Luxury homes in the sky: The dawn of a new era of the super penthouse

super penthouse

If you’re looking for an address at the top of the world, a penthouse just doesn’t cut it anymore. Leong Boon Hoe, chief operating officer of List Sotheby’s International Realty, Singapore, explains why it’s the dawn of the era of the super penthouse

Facebook co-founder Eduardo Saverin made news in September 2017 when he bought a 957-sq m duplex penthouse at the top of the 36-storey Sculptura Ardmore in Singapore at a price of S$60 million, making it the most expensive apartment in Singapore since Sun Tongyu, co-founder of Alibaba, forked out S$51 million for a 1,289-sq m penthouse at neighbouring Le Nouvel Ardmore in 2015.

In January 2019, Ken Griffin, founder of hedge fund Citadel, caused a buzz when he bought a penthouse in Central Park South in New York for the astronomical price of US$328 million (S$446 million). The 2,239-sq m unfurnished penthouse, which sits atop a 290-m tall building from the 50th to 53rd storeys, set a new record for the most expensive penthouse in the world, or in this case, a super penthouse.

What is a penthouse other than an apartment unit that is at the top of a tall building? Why are people willing to pay such prices to own one?

Most luxury penthouses offer top-of-the-line luxury furnishings, private lifts, generous outdoor areas and their own pools. Some even come with a hotel-style concierge.

But more than just the tangible benefits, a penthouse represents luxury, space, privacy, exclusivity, great views and yes, prestige and status. Today’s penthouses are also chasing the superlatives. There are bragging rights associated to staying in the largest or the highest penthouse. Some are found atop the ‘supertalls’ or ‘cloud-busters’ that go up to 305m to 609m in major cities such as New York and Dubai. These factors lead to premiums in the price of the penthouses.

As a result, a new breed of penthouses has evolved: the super penthouse. They are rare because not all developers cater for them. Just a few years ago, a penthouse at 743 sq m might have qualified as a super penthouse, but now there is a demand for even larger spaces.

Today, only penthouses that are larger than 929 sq m warrant the accolade and these usually come at a price only within reach by ultra-high net worth (UHNW) individuals. UHNW buyers go for nothing less than the best-in-class: location, size, views, privacy, luxurious furnishings, architectural merit and more, when it comes to real estate. These super penthouses are not just the owner’s private abode; they’re also used as a space to host meetings and personal gatherings.

Penthouses all over the world thrive in prime areas where real estate is highly valued

Some of these exclusive residential addresses include 57th Street and Park Avenue in New York, Knightsbridge and Hyde Park in London, Peak Road at the top of Victoria Peak in Hong Kong and Avenue Princesse Grace in Monaco. In Singapore, the most prestigious and exclusive residential enclaves are found close to Orchard Road such as Ardmore Park and Nassim Road, the financial and downtown districts (Marina Bay and Beach Road) and new waterfront districts like Keppel Bay and Sentosa Cove. These are also where some of the best penthouses are found. Since 2010, six super penthouses have found owners, with the two largest transactions done in the last five years.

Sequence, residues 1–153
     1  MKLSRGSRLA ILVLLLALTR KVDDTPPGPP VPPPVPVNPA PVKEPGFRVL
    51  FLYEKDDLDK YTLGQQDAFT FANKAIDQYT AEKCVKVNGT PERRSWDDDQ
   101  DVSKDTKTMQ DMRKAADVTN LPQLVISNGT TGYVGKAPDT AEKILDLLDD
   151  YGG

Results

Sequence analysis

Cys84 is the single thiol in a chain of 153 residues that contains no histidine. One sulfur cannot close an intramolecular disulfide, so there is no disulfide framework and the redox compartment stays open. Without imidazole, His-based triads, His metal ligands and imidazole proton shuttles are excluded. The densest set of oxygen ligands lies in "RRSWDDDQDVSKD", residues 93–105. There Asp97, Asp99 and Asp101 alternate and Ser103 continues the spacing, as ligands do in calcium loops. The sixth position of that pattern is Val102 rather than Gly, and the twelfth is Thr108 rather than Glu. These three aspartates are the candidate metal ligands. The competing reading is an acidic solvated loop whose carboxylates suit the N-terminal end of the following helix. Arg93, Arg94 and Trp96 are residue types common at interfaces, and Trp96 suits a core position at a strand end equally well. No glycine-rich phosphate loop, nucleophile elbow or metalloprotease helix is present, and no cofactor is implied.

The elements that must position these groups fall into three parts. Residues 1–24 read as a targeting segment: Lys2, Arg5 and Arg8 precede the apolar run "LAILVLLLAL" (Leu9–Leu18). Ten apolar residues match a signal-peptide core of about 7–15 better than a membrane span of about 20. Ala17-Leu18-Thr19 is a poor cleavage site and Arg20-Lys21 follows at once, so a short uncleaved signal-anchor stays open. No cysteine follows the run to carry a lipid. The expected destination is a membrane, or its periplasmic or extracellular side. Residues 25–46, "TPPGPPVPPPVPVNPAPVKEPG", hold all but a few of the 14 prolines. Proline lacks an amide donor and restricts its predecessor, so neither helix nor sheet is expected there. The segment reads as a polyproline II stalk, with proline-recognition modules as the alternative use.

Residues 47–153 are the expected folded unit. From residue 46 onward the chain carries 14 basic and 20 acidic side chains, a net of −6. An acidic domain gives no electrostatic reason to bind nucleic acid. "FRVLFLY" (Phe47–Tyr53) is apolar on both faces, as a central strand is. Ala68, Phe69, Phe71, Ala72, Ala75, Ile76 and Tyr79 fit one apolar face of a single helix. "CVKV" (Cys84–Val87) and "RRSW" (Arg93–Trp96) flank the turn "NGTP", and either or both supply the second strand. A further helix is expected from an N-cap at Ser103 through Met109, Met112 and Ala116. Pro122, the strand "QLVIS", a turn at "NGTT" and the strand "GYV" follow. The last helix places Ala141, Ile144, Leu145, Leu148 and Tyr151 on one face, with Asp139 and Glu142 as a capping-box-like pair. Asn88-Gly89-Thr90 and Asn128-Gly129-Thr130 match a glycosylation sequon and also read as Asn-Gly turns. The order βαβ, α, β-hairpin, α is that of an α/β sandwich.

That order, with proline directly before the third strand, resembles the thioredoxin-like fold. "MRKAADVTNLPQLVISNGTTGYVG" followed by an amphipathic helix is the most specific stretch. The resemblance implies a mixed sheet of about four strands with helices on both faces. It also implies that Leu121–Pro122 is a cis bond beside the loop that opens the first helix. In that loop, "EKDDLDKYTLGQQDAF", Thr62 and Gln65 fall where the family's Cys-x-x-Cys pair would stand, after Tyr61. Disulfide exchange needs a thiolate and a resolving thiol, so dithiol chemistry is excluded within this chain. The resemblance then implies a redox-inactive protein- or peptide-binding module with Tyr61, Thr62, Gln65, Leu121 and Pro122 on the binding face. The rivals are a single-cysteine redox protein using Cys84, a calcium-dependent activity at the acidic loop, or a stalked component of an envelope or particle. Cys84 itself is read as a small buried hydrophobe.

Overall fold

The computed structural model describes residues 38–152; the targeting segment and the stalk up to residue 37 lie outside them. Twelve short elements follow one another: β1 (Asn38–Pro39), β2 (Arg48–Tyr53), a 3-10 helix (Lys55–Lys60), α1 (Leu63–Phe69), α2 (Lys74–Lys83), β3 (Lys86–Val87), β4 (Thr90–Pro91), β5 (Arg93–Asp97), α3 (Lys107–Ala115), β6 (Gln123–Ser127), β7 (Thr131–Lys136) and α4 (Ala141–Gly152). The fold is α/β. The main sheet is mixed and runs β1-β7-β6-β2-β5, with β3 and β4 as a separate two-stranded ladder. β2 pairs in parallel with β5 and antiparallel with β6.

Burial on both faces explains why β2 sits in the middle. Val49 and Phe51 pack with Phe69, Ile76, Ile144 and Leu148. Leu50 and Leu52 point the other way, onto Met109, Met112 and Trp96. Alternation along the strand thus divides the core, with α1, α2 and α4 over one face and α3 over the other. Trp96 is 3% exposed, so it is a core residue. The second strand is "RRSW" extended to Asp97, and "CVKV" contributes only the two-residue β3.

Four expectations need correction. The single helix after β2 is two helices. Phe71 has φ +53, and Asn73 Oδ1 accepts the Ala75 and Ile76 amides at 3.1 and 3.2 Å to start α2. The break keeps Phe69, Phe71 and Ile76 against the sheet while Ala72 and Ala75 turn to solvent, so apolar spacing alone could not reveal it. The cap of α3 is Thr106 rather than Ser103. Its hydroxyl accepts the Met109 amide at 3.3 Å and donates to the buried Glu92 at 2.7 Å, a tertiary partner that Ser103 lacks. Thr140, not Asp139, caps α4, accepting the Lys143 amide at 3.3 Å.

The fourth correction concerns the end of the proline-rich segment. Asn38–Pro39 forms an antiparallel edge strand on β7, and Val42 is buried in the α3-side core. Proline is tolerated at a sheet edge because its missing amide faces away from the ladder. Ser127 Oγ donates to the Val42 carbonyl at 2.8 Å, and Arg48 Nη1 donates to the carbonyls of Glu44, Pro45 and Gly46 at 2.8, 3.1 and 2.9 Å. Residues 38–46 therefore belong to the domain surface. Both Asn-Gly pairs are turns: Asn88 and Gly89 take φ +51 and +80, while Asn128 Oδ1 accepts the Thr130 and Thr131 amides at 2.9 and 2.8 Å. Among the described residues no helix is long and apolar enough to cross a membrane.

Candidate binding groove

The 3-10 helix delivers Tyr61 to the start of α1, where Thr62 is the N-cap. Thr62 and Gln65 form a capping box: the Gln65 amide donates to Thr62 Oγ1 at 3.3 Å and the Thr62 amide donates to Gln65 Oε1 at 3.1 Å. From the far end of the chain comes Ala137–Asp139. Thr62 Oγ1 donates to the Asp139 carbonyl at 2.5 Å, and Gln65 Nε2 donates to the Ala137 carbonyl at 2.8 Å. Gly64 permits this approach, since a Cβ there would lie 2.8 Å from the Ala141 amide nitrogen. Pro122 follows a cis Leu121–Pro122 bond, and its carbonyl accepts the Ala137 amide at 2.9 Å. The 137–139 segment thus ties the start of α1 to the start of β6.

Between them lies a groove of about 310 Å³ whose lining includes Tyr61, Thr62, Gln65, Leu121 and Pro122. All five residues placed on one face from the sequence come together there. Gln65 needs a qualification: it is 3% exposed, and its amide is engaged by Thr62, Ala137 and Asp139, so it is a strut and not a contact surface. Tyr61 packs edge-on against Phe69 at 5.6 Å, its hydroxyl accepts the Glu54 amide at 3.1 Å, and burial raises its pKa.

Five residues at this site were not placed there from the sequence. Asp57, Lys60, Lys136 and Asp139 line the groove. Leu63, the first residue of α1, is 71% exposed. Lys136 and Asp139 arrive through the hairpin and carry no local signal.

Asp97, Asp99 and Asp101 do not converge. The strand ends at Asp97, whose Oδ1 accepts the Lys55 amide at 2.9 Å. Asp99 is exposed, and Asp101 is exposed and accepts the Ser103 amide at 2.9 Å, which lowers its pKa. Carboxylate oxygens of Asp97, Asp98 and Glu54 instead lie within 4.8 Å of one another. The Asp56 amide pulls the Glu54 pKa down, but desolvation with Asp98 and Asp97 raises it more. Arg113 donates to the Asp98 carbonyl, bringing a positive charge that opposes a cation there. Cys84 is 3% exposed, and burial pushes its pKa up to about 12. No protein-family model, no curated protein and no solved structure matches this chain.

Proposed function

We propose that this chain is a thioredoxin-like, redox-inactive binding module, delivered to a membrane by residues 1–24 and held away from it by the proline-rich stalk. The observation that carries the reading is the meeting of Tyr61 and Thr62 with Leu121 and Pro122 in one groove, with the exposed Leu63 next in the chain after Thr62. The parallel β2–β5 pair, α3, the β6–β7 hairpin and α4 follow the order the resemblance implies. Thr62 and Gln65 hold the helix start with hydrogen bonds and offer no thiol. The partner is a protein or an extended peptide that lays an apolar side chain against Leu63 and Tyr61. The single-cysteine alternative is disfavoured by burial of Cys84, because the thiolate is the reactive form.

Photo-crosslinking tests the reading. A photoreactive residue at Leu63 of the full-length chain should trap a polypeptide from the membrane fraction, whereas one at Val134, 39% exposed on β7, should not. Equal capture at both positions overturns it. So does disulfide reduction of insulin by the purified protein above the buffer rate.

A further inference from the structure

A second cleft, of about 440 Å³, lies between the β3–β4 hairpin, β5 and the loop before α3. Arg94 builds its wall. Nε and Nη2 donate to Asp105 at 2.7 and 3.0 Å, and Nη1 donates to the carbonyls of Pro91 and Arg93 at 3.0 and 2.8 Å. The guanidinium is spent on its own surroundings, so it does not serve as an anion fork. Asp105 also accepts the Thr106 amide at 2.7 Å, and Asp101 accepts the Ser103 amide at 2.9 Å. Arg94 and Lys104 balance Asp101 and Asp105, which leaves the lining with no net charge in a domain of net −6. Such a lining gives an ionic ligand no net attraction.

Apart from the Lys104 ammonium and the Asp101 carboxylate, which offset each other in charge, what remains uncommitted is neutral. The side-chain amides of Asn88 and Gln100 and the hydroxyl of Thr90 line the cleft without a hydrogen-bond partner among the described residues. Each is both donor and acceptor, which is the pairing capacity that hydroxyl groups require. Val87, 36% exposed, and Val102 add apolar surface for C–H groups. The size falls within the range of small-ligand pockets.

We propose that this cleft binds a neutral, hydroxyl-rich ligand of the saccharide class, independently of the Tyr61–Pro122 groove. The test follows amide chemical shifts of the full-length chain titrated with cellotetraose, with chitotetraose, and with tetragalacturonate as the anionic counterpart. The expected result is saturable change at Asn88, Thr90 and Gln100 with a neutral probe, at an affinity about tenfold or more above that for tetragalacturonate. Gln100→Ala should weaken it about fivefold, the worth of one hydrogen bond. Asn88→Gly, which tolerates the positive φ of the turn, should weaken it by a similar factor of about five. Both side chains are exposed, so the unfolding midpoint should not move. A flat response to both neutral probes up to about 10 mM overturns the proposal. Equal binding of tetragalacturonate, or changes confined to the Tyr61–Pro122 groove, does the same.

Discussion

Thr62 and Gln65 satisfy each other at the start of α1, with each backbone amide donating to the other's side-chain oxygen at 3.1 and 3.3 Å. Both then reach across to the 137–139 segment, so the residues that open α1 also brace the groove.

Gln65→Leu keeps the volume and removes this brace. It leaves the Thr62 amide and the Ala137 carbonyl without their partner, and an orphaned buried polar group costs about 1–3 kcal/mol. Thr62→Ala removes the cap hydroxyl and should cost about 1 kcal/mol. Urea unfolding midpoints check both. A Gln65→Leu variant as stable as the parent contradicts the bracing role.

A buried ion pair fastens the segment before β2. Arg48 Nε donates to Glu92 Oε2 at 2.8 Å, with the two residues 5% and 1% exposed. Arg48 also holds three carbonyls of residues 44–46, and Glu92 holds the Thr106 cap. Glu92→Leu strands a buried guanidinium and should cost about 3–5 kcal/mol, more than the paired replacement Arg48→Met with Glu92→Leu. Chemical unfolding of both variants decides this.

Super penthouses are generally considered less susceptible to market volatility because of their scarcity. The sale of a super penthouse may even help to restore or signal confidence in the market. Case in point is how the Central Park South sale lifted the Manhattan real estate market sentiments, which had cooled off during the global financial crisis.

Similarly, in Singapore, the sale of the Le Nouvel Ardmore and Sculptura Ardmore super penthouses took place during the property market downturn period.

Trophy Real Estate

Other reputable super penthouses currently looking for buyers include Miami’s Eighty Seven Park (asking price US$68 million, S$92.4 million) and 212 Fifth Avenue in New York – a five-bedroom super penthouse that includes a grand ballroom and seven-room master suite, and an additional 532 sq m of open terraces. It has a price tag of US$58 million (S$79 million).

In Singapore alone, there could be up to five super penthouses that are currently for sale, reflecting the growing appreciation of such assets and developers’ awareness of demand from buyers. Of these, the Wallich Residence super penthouse by GuocoLand in the Tanjong Pagar area is the largest, as well as the highest, of them all. The five-bedroom, 1,961-sq m ‘villa in the sky’ spans three storeys and has a dedicated private lift and lift lobby. The super penthouse sits on top of Guoco Tower and Wallich Residence and is the highest residence in Singapore at 290m, higher than other international properties, affording unobstructed views of Marina Bay and even Sentosa.

Over at Reflections At Keppel Bay, developed by Keppel Land and designed by starchitect Daniel Libeskind, the waterfront residences feature a 1,236 sq m super penthouse on the stunning crown of the 41-storey iconic tower. Besides offering panoramic views of Keppel Bay, Sentosa and the open sea, the unit is so spacious that the owner can pursue personalised lifestyle options, such as creating a private spa, gymnasium or art gallery.

On Beach Road, the developer of Concourse Skyline, Hong Fok Corporation, collaborated with Robb Report Singapore to transform one of its two super penthouses into a magnificent home with a carefully curated selection of state-of-the-art furniture and products by more than 20 luxury brands.

The appeal of the super penthouse truly lies in the experience it offers, and in the fact that it is a space where the owner can live, eat, work, play and entertain.

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